Commentary: Bailey called a spark that inspired journalism education
I will always remember Chauncey Bailey as a dedicated journalist, a live-wire guy and the sharpest dresser in any newsroom. I will also remember him and his 1974 summer classmates as the inspiration for the launching of what today is the Robert C. Maynard Institute for Journalism Education.
Chauncey wore a dapper tweed sports jacket and a big smile when he checked in at Columbia University for the 1974 Summer Program, the Michele Clark Fellowship Program. He had been selected with 13 other young people of color for the 11-week reporter “boot camp” that led to a staff position at a daily newspaper.
This print program had been established in 1969 by former CBS News President Fred Friendly. His initiative followed the Kerner Commission report on the causes of urban rioting, which criticized the news profession for being “shockingly backward in seeking out, hiring, training and promoting Negroes.”
Chauncey’s classmates that summer in New York included many talented journalists, including Milton Coleman and Steve Holmes, now Washington Post editors; Alexis Scott, publisher of the Atlanta World; and David Tong, a longtime San Francisco newsman.
I was in awe of my fellow faculty members, a journalistic all-star team consisting of Bob Maynard and Roy Aarons of the Washington Post, John L. Dotson Jr. of Newsweek, Earl Caldwell of the New York Times and Walter Stovall of the Associated Press. I was in my fourth year as a Los Angeles Times editor and, at 31, not much older than many of the program reporters.
Through that Watergate summer, we put the 14 through the paces of writing news stories on deadline and prepared them to enter nearly all-white newsrooms. As the program headed toward a close, we lined up jobs for each of them; Chauncey was ticketed for the Hartford Courant.
Then we were stunned to learn that the Columbia program was being killed. Friendly said the job had been done – that blacks and other minorities were making their way into America’s newsrooms. We looked at the situation nationwide; reliable statistics were not available, but it is safe to say that 98 or 99 of every 100 newspaper journalists were white. Clearly, the job was not done.
We lacked fundraising experience but we felt there was no choice but to keep the program alive. We had been energized and inspired by the young reporters’ enthusiasm for journalism. Like Chauncey Bailey and his classmates, too many other people of color were having little luck cracking open the newsroom door. Newspaper editors gave the lame excuse that they could not find ‘qualified’ minorities. In truth, some were afraid to hire their first minority journalist or were just plain racist. The Summer Program, we knew, would give aspiring journalists the mainstream credentials they needed to jump-start their journalism careers.
John Quinn and Jerry Sass of Gannett Newspapers gave our ad hoc group a small grant to get started, and Earl Caldwell went on the road to raise other funds. In the next year we found a hospitable new home: the Graduate School of Journalism at the University of California at Berkeley.
The first Summer Program for Minority Journalists in Berkeley took place in 1976 and in the following year, our group was incorporated as IJE – the Institute for Journalism Education. Three journalists joined us as founding board members: Dorothy Gilliam of the Washington Post, Nancy Hicks Maynard of the New York Times and Steve Montiel of the Associated Press.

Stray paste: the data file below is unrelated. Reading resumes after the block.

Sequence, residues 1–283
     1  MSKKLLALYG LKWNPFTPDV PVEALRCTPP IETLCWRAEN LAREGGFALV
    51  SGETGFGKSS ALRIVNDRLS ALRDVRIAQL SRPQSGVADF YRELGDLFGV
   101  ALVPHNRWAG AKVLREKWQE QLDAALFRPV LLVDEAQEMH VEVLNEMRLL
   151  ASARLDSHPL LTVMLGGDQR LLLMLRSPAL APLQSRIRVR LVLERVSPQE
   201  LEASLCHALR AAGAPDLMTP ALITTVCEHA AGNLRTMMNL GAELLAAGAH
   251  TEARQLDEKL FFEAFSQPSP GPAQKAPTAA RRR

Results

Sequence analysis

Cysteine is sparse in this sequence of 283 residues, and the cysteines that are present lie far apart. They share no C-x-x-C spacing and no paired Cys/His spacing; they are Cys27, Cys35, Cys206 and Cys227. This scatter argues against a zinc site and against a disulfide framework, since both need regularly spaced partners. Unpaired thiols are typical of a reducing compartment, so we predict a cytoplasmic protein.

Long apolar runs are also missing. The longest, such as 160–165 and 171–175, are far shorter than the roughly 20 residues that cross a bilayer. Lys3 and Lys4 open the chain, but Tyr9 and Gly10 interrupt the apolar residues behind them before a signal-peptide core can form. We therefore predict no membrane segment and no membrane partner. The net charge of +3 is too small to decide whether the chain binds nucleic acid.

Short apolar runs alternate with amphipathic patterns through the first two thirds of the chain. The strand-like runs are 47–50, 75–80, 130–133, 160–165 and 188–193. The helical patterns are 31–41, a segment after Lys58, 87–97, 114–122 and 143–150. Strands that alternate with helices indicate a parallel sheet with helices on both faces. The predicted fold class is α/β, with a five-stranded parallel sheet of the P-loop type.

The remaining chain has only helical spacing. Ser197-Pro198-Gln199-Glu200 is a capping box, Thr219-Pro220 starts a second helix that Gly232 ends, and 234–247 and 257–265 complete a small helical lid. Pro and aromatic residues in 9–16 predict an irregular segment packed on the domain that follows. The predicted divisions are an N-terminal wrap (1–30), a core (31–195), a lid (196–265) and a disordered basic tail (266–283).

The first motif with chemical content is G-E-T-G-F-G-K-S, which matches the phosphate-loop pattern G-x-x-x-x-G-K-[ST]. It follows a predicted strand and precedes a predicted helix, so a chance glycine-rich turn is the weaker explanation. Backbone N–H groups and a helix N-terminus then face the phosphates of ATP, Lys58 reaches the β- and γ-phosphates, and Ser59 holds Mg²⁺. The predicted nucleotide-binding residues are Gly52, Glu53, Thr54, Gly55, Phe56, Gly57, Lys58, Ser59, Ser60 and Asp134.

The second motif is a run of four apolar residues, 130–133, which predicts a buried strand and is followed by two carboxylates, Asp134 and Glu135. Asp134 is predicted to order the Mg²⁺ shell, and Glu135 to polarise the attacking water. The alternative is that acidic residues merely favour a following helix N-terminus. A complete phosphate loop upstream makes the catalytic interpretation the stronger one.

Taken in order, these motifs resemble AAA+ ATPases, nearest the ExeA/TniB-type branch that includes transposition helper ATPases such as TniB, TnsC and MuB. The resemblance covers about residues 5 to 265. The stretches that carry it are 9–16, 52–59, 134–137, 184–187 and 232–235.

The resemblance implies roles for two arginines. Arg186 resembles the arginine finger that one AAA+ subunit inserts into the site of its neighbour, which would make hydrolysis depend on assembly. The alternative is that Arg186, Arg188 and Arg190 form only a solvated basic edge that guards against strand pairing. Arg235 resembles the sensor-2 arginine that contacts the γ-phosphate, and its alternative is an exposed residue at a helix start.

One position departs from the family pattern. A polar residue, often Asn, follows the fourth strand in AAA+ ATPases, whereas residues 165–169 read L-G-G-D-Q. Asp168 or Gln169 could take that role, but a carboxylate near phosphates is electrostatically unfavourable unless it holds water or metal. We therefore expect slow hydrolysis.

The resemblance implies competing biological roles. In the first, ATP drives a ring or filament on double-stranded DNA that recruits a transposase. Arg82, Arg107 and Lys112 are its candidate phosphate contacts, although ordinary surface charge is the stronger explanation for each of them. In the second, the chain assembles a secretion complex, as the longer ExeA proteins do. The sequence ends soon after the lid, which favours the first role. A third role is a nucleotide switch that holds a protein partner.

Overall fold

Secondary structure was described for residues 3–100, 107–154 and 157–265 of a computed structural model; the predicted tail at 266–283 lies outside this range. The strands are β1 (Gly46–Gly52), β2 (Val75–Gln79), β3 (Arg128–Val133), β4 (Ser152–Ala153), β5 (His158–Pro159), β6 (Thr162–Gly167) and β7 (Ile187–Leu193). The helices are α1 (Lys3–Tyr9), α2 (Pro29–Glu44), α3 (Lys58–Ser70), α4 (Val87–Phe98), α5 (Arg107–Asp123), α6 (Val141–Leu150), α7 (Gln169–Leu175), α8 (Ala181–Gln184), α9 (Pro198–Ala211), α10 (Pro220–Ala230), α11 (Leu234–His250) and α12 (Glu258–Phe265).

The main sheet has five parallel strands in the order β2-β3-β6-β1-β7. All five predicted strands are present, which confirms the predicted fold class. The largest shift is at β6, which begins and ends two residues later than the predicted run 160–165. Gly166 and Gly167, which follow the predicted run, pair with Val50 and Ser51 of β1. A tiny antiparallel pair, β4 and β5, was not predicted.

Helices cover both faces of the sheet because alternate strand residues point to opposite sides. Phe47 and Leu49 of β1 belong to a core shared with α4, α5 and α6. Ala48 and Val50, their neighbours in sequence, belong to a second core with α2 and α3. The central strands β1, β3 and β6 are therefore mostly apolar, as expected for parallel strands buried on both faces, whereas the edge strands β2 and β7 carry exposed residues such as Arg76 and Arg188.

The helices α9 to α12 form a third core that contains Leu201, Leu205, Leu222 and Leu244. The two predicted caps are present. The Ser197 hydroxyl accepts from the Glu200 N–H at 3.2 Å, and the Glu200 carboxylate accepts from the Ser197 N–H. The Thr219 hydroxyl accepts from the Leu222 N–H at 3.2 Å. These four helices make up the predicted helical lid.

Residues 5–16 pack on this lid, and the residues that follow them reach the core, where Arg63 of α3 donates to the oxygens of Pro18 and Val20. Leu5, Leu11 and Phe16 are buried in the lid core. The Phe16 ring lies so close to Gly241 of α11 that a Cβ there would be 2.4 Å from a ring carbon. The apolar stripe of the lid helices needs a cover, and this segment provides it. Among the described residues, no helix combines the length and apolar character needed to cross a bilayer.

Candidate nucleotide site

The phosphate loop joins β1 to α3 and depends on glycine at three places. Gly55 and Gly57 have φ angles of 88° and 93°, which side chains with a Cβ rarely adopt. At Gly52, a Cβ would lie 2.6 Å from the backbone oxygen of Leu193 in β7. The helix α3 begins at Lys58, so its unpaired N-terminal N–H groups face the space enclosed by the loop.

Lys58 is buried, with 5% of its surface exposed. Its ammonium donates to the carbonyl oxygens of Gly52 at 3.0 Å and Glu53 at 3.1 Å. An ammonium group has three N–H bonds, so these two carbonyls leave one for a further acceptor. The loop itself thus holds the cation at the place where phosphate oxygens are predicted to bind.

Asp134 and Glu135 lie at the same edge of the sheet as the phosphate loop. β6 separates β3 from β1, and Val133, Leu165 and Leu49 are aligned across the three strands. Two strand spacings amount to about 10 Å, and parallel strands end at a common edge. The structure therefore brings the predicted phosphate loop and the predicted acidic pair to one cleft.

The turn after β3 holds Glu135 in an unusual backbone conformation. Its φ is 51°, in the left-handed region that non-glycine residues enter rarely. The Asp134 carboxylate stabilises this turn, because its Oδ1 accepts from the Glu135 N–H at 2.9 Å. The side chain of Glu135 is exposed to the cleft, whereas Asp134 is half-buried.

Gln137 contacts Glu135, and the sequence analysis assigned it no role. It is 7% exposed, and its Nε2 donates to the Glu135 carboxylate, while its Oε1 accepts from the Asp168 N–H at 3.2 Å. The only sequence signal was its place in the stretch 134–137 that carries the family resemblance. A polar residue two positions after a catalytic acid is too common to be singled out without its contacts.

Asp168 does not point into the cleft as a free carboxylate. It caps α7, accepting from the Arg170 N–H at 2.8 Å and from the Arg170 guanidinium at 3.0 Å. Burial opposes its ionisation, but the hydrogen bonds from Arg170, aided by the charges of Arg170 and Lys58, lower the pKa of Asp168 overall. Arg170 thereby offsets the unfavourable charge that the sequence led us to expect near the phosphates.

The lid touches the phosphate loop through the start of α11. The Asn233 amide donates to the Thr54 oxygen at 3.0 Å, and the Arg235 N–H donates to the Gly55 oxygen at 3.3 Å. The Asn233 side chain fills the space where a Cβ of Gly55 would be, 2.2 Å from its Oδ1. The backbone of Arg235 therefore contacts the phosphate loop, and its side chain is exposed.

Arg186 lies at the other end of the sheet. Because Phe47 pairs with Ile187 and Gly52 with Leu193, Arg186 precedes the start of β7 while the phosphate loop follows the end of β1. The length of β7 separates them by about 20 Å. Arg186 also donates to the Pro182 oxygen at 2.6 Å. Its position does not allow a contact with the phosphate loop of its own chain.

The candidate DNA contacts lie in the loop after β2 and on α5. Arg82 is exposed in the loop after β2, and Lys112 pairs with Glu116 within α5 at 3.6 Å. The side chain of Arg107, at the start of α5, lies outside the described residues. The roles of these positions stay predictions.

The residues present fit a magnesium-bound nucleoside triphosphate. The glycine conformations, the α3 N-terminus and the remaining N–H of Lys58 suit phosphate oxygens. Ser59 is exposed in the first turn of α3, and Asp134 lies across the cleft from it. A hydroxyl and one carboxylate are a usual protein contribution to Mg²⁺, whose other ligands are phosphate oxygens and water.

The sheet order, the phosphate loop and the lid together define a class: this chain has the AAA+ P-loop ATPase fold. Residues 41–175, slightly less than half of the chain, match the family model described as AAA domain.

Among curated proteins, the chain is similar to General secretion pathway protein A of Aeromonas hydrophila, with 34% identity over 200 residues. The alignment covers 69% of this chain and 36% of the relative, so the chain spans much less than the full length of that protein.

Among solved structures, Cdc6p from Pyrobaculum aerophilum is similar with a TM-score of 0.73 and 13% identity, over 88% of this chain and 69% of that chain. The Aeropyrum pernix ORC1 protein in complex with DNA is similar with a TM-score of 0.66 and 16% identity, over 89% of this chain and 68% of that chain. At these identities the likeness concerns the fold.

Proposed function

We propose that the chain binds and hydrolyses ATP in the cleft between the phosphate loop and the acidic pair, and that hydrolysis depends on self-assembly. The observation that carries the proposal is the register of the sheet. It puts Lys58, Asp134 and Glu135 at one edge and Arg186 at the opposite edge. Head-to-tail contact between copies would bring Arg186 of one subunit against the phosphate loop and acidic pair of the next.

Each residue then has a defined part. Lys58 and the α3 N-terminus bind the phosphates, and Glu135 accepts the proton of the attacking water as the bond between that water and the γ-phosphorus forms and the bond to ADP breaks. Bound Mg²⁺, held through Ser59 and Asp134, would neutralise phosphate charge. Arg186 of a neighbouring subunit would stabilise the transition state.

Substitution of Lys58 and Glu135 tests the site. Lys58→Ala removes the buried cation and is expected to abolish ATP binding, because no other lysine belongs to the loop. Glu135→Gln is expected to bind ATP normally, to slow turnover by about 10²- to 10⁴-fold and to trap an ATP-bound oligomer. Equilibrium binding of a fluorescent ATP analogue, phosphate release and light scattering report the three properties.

IJE put pressure on the news business to hire and promote journalists of color. To fulfill the media’s responsibility for accurate news coverage, Bob Maynard first said, newsrooms had to more fully reflect the population of their communities. Bob was so committed to the diversity mission that he left his job at the Washington Post to chair the IJE board and his wife, Nancy, became the institute’s first president in 1977.
Over the years, as Chauncey Bailey moved to the Detroit News and later returned to his hometown to work for the Oakland Tribune, IJE continued to develop. It became the premier training ground for journalists of color and added a copy editing program at the University of Arizona and the Management Training Center at Northwestern. Some program graduates became editors, publishers and Pulitzer Prize winners.
Along with achievement and joy, there has been profound sadness in the family. Our visionary and most eloquent spokesman, Bob Maynard, editor and later owner of the Oakland Tribune, died in 1993. The institute immediately renamed itself in Bob’s honor. And in 2004, Roy Aarons, founding president of the National Lesbian and Gay Journalists Association, passed away.
Today, of course, the institute is led by Bob’s daughter, Dori Maynard, who has been successful in launching new initiatives while carrying on the organization’s mission.
The ruthless murder of Chauncey Bailey is a tragic loss for his loved ones and the community, and it represents a crime against all journalists. After I heard the news, I went through photos from 1974. There, at a table amid those vintage typewriters, is Chauncey, no doubt offering one of his passionately held opinions to David Tong. Even in those days, he was never at a loss for words.
Reading Chauncey’s sad obituary, I was impressed to learn about his mentoring of young journalists and his determination to make a difference as the new editor of the Oakland Post. We mourn the loss of Chauncey Bailey, still in the prime of his life. He loved his community and he loved his work. He was still, as I remember him in 1974, a seeker of truth.
Frank O. Sotomayor is associate director of the University of Southern California Annenberg’s Institute for Justice and Journalism. The piece was published by The Maynard Institute.